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Aphididae : Aphidinae : Macrosiphini : Epameibaphis


Genus Epameibaphis

Knobbed-cornicle aphids

On this page: Epameibaphis atricornis

Epameibaphis [Macrosiphini]

The genus Epameibaphis is related to Pseudoepameibaphis, Flabellomicrosiphum and the palaearctic genus Coloradoa. It was established by Oestlund (1922), and was reviewed by Knowlton & Smith (1936). The vertex is nearly flat. There are few, or no, secondary rhinaria on the apterae, but the alate has round rhinaria on segment III. They have the typical stiletto-shaped apical rostral segment of aphids feeding on Anthemideae. The hairs on the body are long, many of them blunt, enlarged, or flattened at their tip. The siphunculi are cylindrical with a conspicuous knob-shaped apex. The wing venation is as in the genus Aphis.

There are three species of Epameibaphis, monoecious on Artemisia and Seriphidium. They are most likely all holocyclic, and are found in the Western USA.


Epameibaphis atricornis (Dark knobbed-cornicle aphid) Western USA

Adult apterae of Epameibaphis atricornis (see first picture below) are brownish green, heavily dusted with grey-white wax powder, and with mainly black siphunculi, paler at the tips (cf. Epameibaphis frigidae and Epameibaphis utahensis, which have mainly pale siphunculi). They are dusky on the head and lateral areas on abdominal segments III-V, and there are two rows of dorsolateral spots and solid bands on tergites VII & VIII. The antennae are black except segments II and III, and bear no secondary rhinaria. Antennal tubercles are absent, and the vertex is nearly flat. Hairs on the body are blunt to capitate. The legs are black, except the front femora, which are dusky to pale (cf. Epameibaphis frigidae and Epameibaphis utahensis on Artemisia tridentata, which have pale legs). The siphunculi are mostly cylindrical, but with the flange swollen, so that the apex is knob-like (cf. all other aphid genera on Artemisia, none of which have knobbed siphunculi). The cauda is dusky and tapering. The body length of adult Epameibaphis atricornis apterae is 1.2-1.4 mm.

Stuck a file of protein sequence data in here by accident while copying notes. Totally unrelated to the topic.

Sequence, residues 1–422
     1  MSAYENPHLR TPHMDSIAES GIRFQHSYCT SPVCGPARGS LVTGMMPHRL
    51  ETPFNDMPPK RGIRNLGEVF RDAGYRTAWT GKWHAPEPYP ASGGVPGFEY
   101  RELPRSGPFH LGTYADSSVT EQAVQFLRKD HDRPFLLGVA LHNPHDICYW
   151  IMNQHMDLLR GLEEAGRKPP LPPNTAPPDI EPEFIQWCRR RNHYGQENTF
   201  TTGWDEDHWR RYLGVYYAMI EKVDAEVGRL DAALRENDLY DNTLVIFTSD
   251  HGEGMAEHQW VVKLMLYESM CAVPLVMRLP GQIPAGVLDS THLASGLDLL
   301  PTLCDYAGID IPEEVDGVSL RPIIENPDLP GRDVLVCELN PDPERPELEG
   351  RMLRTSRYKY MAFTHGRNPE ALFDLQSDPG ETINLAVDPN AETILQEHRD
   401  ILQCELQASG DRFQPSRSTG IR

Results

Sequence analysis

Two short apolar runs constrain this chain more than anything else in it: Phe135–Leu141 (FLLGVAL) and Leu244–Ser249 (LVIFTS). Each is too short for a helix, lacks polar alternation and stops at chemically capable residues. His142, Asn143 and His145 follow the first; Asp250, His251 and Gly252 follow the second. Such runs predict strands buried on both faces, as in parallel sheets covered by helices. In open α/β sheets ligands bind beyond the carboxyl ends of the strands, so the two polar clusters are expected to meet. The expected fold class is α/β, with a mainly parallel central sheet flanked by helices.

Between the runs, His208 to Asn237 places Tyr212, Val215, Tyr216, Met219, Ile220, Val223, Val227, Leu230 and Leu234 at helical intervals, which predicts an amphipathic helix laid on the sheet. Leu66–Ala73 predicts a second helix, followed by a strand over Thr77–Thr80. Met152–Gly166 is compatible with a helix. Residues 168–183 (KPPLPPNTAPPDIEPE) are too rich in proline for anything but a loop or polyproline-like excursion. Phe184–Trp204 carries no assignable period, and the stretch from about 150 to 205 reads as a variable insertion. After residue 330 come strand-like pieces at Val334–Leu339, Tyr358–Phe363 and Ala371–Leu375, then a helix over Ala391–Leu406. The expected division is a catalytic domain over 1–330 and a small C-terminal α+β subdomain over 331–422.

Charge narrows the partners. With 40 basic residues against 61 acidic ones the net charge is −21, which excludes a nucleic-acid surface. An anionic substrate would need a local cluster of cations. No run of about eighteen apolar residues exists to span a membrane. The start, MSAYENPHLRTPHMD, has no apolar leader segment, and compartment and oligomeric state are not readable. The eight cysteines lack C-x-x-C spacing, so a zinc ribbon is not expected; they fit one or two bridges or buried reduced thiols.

Both pictures above copyright Jesse Rorabaugh under a public domain licence (CC0).

The Epameibaphis atricornis alate has the head and thorax dark brown to black. The abdomen has dusky lateral areas, broken bands on abdominal segments I-V, and solid bands on tergites VII-VIII. The antennae (except the base of segment III), siphunculi and legs are black, excepting the anterior femora which are dusky to pale on anterior side. There are very few secondary rhinaria on the antennae, with up to 4 on segment III, and none on IV-V.

Epameibaphis atricornis are monoecious on California sagebrush (Artemisia californica), long-leaved sage (Artemisia longifolia) and big sagebrush (Artemisia (= Seriphidium) tridentata). They are probably holocyclic, but sexual morphs have not yet been recorded. It is found in the western states of the USA.



We are grateful to Jesse Rorabaugh for putting his images in the public domain.

We have used the keys and species accounts of Knowlton & Smith (1936) together with those of Roger Blackman & Victor Eastop in Aphids on Worlds Plants. We fully acknowledge these authors (see references below) as the source for the (summarized) taxonomic information we have presented. Any errors in identification or information are ours alone, and we would be very grateful for any corrections. For assistance on the terms used for aphid morphology we suggest the figure provided by Blackman & Eastop (2006).

Useful weblinks


  • Oestlund, O.W. (1922). Report of the State Entomologist of Minnesota 19 pp. 132-133.

  • Knowlton, C.F. & Smith, G.F. (1936). The aphid genus Epameibaphis in Utah. Proceedings of the Entomological Society of Washington 38(5), 89-91. Full text